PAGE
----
Student Writing: The History of Photography

By Mason

Introduction

When you think of a “camera” what image comes to mind? Most likely you are thinking of a big DSLR (digital single lens reflex) camera, or maybe your point and shoot, or maybe even your smartphone camera. 

What you probably don’t think of is a film camera, or the camera obscura which was invented nearly two thousand years ago. 

Even if you are knowledgeable about the older versions of cameras, you may not be aware of the lesser-known versions that were the stepping stones of camera development between the major advancements. It is incredibly interesting to learn about how photography became what it is today. The first photographic processes used dangerous chemicals contributing to the early deaths of many photographers at that time. Then, when the glass plate process was invented, photographers had to lug around big heavy glass plates as the medium for their pictures. Even the early digital cameras had slower shutter speeds making it hard for photographers to capture movement.

Now, with the click of a button or the touch of a screen, it is possible to capture a split second, in increasingly impressive quality. In this essay I won’t just examine the workings of the modern camera, I will also look at how photography began and many of the major advancements, improvements, and changes photography went through to become the digital photography we have today. In addition, I will describe many of the photographic processes that were involved in developing pictures taken with all different methods. 

Part 1

There were a couple of major inventions that led to the invention of the first camera. The first such breakthrough was the camera obscura. The camera obscura is a small room with a small hole cut out from the wall. This creates a projection of the image of the scene outside of the room on the wall opposite the hole, only upside down. This concept was most likely known over “two thousand years ago”(Rosenblum). Its name literally translates to “Dark Room.” The camera obscura was often used by artists. They would trace the image that showed up on the wall to replicate the scene on paper. However, soon scientists started searching for a way to create the pictures entirely mechanically. In 1727, Johann Heinrich, a German professor of anatomy, discovered that “the darkening of silver salts, a phenomenon known since the 16th century and possibly earlier, was caused by light and not heat”(Rosenblum). This discovery was significant because for a camera to work there must be some kind of light-sensitive material involved so the image will be saved. These were the first two steps toward the machine that could record events in a split second but it took until the 19th century for the first camera to be invented.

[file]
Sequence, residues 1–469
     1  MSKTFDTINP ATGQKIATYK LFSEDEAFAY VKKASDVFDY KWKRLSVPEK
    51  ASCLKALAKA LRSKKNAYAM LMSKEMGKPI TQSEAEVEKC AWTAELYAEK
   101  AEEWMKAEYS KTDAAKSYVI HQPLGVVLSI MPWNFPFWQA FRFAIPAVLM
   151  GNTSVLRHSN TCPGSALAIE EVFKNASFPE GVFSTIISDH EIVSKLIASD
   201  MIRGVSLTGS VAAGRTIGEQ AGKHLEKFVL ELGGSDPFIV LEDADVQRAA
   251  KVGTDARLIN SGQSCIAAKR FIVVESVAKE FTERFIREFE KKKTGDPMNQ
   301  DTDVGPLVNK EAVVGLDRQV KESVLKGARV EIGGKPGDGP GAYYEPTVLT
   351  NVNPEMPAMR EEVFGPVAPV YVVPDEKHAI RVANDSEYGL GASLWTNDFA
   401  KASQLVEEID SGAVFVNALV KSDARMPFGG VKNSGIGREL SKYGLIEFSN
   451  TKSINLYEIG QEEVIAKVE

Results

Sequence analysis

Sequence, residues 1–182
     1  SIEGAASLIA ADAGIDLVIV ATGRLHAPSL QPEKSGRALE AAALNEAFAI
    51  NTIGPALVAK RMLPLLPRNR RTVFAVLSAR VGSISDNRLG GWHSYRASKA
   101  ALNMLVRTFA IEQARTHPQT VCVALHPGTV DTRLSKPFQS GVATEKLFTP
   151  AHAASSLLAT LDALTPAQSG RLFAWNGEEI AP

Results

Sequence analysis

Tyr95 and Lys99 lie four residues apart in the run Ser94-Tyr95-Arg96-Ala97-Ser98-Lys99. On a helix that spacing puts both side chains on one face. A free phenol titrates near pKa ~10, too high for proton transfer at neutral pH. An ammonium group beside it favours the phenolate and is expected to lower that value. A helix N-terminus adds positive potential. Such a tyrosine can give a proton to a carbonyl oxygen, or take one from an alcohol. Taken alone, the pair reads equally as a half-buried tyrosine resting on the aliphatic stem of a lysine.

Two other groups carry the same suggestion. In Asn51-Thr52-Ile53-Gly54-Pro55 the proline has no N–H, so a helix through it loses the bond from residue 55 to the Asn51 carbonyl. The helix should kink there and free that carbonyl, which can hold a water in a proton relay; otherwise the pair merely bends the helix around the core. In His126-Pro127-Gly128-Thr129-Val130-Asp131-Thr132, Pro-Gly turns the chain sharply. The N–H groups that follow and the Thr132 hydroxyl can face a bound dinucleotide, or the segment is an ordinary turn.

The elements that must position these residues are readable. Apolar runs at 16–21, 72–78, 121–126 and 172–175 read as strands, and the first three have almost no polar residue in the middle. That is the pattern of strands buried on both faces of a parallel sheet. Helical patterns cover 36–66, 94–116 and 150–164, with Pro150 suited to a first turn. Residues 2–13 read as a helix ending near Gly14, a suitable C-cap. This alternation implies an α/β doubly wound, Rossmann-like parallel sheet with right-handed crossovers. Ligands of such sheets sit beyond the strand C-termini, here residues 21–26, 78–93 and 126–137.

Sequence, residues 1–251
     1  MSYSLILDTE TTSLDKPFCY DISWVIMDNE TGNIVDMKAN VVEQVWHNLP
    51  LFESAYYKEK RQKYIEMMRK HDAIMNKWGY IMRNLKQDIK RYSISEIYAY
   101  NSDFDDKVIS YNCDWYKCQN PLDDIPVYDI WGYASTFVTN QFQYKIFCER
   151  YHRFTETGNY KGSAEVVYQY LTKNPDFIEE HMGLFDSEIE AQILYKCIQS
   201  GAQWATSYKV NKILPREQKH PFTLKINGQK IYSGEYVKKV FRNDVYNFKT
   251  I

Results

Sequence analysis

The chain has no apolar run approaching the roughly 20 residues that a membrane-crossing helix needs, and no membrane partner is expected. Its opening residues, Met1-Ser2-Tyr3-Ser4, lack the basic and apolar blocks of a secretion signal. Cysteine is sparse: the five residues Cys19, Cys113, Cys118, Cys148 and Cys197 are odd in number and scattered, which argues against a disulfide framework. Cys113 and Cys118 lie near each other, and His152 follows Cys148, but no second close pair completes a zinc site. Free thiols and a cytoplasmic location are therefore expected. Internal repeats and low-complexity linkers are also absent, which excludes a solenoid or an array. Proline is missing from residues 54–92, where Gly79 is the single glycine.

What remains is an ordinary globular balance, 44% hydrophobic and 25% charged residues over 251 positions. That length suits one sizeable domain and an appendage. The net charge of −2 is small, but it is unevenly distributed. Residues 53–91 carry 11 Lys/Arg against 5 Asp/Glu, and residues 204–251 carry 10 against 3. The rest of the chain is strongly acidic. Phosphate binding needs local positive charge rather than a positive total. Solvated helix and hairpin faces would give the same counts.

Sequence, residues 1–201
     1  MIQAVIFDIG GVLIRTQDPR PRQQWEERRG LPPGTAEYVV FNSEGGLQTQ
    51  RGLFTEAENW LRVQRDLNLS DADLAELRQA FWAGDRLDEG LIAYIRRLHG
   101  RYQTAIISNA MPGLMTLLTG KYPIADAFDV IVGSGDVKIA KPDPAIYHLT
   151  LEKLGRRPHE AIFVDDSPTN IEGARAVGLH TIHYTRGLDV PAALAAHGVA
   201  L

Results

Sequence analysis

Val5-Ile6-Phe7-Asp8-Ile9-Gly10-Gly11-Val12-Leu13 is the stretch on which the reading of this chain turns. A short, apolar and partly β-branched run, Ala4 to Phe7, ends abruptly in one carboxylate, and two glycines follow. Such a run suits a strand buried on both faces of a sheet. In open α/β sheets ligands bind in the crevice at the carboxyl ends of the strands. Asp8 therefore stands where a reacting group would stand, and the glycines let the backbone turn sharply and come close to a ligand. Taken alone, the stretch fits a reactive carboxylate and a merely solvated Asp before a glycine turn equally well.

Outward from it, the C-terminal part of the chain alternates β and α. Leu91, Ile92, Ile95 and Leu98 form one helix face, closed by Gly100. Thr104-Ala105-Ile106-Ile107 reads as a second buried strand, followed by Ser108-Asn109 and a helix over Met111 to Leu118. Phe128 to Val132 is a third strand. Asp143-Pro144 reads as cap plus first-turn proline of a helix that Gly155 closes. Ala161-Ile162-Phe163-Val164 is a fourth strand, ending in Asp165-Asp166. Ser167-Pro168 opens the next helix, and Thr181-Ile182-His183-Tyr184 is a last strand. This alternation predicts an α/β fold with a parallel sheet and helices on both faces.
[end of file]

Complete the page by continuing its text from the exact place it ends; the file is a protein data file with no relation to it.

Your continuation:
In 1826 or 1827 the first photograph was taken by Joseph Nicéphore Niépc, an inexperienced inventor. He invented a process called heliography (sun drawing) where he used a pewter plate coated with a mixture of bitumen of Judea and water. He would then dry the plate over heat. Next, he would put the plate into a camera obscura, the room previously used by artists now downsized to a large box. It took eight hours to create this picture of a rooftop that was outside of his window. During the exposure time, the bitumen exposed to light would harden and turn a lighter shade. He would then develop the photograph by using lavender oils to wash off the bitumen that was not hardened by light. These parts were places in the image where the light was blocked out, for example by the buildings in the image. And the darker shades were represented by the metal. The result was this picture of a French rooftop taken outside of his house window.

Left: The unedited photograph of Niépc’s window view

Right: The retouched photograph of Niépc’s window view

Niépc was probably the biggest pioneer of photography because he figured out how to do it. But photography didn’t really become popular until Louis-Jacques-Mandé Daguerre, who knew Niépc for part of his life, invented a new process: the Daguerreotype.

Daguerre’s method was quite similar to Niépc’s, except for a few key details. First, instead of using a pewter plate, Daguerre used a silver-coated copper plate that was shiny like a mirror after it was buffed and polished. After coating his plate with iodine and bromine, he would expose the plate in a camera obscura like Niépc. This process originally took fifteen minutes, but after some improvements to the chemicals involved, Daguerre’s process ended up taking less than a minute. This meant that people were able to get their pictures taken. Another difference was the post-production method. Daguerre used toxic chemicals like mercury to develop his pictures. Getting photographed became increasingly popular; so popular, in fact, that this period is sometimes referred to as “Daguerromania”! 

Above: One of Daguerre’s most famous images